Controlled practice flights are an important part of rehabilitation. Outdoor flights lengthen as the raptor's strength improves. Once the bird has gained endurance, the center's staff releases it into its natural habitat. From there, it reestablishes itself in its environment, hunting and soaring overhead. Hopefully, it will reproduce, ensuring its species' place in the ecosystem.


carrion dead and decaying flesh

food chain a natural order that starts with a simple organism being consumed by a higher-order organism which, in turn, is eaten by yet a higher organism

habitat environment in which a species thrives and is normally found

hawk More than 200 species of birds are classified as hawks,including eagles. Hawks are active during daylight and form three main categories: buteos, accipiters, and falcons.

ornithology branch of zoology that studies birds

pellet a bolus of waste material that owls and hawks spit up or regurgitate after consuming prey. It contains parts of the prey the bird can't digest.

raptor bird of prey, such as hawks, osprey, falcons, owls, and vultures

rehabilitation a program to bring an injured or weakened creature back to health so it can perform its natural activities in the wild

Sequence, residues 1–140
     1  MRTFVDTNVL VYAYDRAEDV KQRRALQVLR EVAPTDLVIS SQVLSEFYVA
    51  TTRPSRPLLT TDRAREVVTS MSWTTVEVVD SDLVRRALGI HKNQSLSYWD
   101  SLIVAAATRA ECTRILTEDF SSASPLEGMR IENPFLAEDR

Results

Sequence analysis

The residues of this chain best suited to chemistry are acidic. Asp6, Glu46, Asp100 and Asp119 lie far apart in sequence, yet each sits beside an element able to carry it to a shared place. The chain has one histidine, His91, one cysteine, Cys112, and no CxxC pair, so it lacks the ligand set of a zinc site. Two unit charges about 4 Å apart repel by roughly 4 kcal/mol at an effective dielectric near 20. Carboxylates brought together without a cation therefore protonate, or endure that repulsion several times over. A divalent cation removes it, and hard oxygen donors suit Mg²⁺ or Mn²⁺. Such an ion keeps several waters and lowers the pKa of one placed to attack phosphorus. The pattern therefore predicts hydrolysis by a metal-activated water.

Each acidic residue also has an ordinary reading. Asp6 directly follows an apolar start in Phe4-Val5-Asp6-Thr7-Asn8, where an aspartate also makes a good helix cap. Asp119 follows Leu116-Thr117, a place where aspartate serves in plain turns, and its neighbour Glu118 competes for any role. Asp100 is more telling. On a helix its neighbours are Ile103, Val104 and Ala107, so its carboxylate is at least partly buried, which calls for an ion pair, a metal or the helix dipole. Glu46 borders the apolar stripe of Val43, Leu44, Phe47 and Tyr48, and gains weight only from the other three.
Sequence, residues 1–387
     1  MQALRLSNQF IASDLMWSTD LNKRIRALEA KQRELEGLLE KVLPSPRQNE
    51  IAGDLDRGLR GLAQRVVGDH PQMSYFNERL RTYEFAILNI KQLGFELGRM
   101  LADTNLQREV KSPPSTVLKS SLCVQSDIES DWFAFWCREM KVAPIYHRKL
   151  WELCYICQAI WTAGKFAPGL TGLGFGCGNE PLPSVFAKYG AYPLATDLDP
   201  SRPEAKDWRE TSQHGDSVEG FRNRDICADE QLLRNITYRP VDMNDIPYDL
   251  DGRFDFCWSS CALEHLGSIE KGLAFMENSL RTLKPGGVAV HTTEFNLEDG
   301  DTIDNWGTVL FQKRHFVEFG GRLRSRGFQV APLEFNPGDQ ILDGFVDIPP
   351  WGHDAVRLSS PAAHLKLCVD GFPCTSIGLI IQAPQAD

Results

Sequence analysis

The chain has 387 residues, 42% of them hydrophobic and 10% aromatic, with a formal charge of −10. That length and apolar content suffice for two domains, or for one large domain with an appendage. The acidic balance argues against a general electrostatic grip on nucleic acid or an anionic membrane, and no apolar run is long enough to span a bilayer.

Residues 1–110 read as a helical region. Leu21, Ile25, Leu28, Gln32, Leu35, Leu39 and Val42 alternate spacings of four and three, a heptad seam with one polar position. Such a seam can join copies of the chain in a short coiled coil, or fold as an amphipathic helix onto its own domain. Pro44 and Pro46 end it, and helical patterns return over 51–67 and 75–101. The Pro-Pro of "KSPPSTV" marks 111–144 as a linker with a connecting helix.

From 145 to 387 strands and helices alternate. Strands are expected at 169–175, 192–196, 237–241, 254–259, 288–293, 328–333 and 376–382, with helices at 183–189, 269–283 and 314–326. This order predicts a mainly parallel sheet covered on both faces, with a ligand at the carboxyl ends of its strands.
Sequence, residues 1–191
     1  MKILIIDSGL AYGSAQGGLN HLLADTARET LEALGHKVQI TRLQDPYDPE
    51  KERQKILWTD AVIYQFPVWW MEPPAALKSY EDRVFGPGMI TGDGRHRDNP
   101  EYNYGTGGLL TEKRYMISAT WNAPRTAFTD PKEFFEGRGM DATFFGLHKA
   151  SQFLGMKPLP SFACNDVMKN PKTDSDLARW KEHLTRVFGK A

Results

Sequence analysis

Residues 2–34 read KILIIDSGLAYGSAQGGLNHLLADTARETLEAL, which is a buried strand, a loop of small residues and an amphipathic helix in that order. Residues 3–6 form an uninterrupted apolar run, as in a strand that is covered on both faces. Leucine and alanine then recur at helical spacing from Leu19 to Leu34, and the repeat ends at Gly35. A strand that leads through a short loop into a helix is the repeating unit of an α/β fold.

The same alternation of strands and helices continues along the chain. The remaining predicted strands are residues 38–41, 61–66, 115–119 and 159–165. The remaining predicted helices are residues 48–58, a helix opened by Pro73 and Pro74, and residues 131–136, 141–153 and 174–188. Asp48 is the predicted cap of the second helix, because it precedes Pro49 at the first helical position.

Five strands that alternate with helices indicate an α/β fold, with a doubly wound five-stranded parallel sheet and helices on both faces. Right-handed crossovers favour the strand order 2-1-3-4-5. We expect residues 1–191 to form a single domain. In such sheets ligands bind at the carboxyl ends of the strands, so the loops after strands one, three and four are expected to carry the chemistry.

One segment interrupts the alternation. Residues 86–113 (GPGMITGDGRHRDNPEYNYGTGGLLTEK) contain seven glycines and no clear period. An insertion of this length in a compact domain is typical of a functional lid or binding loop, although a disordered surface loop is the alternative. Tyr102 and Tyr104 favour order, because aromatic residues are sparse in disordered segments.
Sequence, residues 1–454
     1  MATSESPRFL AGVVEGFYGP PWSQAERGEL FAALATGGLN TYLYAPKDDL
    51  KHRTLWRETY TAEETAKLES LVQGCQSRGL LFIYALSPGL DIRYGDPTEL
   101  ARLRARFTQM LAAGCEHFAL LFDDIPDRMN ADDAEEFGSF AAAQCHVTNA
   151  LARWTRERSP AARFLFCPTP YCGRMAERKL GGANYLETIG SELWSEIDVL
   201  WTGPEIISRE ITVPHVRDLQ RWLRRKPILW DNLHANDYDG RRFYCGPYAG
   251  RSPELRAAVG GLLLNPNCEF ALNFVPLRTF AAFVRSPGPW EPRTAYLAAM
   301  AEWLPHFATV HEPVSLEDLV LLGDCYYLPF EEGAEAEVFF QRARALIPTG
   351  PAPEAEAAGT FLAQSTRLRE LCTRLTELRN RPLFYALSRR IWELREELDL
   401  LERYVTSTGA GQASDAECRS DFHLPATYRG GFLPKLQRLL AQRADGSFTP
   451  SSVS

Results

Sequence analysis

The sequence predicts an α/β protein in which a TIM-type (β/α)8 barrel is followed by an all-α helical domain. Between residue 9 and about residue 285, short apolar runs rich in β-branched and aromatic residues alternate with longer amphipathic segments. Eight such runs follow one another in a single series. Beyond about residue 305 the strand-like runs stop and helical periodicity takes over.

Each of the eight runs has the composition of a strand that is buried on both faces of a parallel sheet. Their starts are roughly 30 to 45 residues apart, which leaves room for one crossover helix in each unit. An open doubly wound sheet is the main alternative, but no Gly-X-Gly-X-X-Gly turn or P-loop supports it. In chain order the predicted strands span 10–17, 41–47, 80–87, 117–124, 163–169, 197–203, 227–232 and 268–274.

talons nails on a bird's foot that are sharp, curved, and long


Additional sources of information

Hawk Mountain Sanctuary Assn.
RR 2, Box 191
Kempton, PA  19529-9449
(215) 756-6961

National Audubon Society
700 Broadway
New York, NY  10003
(212) 9793000

Raptor Education Foundation
21901 E. Hampden Ave.
Aurora, CO  80013
(303) 6808500

The Raptor Center
The World Wide Medical
and Educational Facility
Devoted to Birds of Prey
World Wide Web Access:

The Rap on Raptors

You can identify various raptors as they fly through the sky.


We often see raptors only as they are flying through the sky. By studying raptor silhouettes, you can learn to identify different species from the ground. Although raptors may have different outward appearances, they share many features that help them catch their prey. Discuss which features various species of raptors share and learn about the food chain leading up to a bird of prey.